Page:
Client: Sony Ericsson
Agency: Bartle Bogle Hegarty
Principal authors: Martin Smith, Bartle Bogle Hegarty
With contributions from: Heather Anderson, Bartle Bogle Hegarty
Media used: TV, interactive, direct marketing, print, cinema, press,
outdoor, ambient, sales promotion
In the autumn of 2003, the Sony Ericsson T610, a camera-phone with a radical piano black and brushed aluminium design, achieved the almost unthinkable, ending up at the top of the mobile phone charts by opting for a highly unusual launch marketing strategy.
The market conditions at launch were unfavourable. Between 2000 and 2002, European mobile handset sales fell by 26 per cent, and Sony Ericsson's market share had fallen from 9 to 5 per cent the previous year. The traditional launch strategy for a mobile phone was to hit "early adopters" with broadcast advertising to show off the phone's distinguishing features. But Bartle Bogle Hegarty believed the influence of early adopters was generally overestimated.
The agency thought that, while early adopters were turned on by the new phone's features and applications, the much larger "early majority" group, which is less likely to take risks, was more impressed by its appearance.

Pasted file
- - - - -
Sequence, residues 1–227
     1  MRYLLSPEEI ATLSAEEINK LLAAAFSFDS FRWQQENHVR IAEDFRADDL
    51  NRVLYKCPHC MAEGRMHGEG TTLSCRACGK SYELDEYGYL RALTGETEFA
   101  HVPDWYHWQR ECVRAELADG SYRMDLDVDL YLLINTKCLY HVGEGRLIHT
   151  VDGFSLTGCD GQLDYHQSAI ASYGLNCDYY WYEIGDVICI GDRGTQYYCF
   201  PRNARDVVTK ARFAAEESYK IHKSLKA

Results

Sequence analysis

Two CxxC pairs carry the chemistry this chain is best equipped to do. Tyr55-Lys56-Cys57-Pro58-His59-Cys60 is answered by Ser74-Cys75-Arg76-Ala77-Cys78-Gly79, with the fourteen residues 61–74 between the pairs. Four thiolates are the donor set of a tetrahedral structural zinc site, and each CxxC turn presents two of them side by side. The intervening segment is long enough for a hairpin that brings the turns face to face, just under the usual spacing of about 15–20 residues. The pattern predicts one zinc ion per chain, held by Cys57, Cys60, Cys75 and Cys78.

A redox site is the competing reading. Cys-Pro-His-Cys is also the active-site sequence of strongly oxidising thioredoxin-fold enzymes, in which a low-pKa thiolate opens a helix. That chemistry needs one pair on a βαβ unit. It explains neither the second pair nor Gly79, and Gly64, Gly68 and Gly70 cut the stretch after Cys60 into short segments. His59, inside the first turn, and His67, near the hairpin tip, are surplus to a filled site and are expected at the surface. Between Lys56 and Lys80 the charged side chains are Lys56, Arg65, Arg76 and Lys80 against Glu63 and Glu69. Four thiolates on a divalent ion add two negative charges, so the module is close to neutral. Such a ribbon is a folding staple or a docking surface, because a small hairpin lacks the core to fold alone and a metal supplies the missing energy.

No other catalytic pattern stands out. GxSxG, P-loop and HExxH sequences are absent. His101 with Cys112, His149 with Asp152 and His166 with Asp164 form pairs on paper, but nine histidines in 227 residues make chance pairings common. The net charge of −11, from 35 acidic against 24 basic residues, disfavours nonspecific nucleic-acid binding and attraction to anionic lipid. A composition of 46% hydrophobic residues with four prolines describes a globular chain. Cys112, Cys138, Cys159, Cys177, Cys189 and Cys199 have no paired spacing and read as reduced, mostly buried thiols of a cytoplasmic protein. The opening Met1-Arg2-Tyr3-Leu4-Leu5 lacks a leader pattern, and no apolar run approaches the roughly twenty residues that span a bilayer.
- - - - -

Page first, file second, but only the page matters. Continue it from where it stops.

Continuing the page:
BBH opted to gun for the early majority to generate more sales, more quickly.
This courage was rewarded. The campaign achieved more than double the payback it would have generated with the standard approach, the authors say, and with the help of the T610, Sony Ericsson reported its first ever quarterly profits. The launch has since challenged traditional handset launch advertising by ignoring the early adopter market.
The judges' view
When Sony Ericsson launched the T610, it side-stepped the traditional opinion former-led trickle-down approach for a mass "early majority" audience.
This multimarket case study measures the fiscal contribution of communications to the launch, and models the contribution within that of the strategic decision to launch atypically.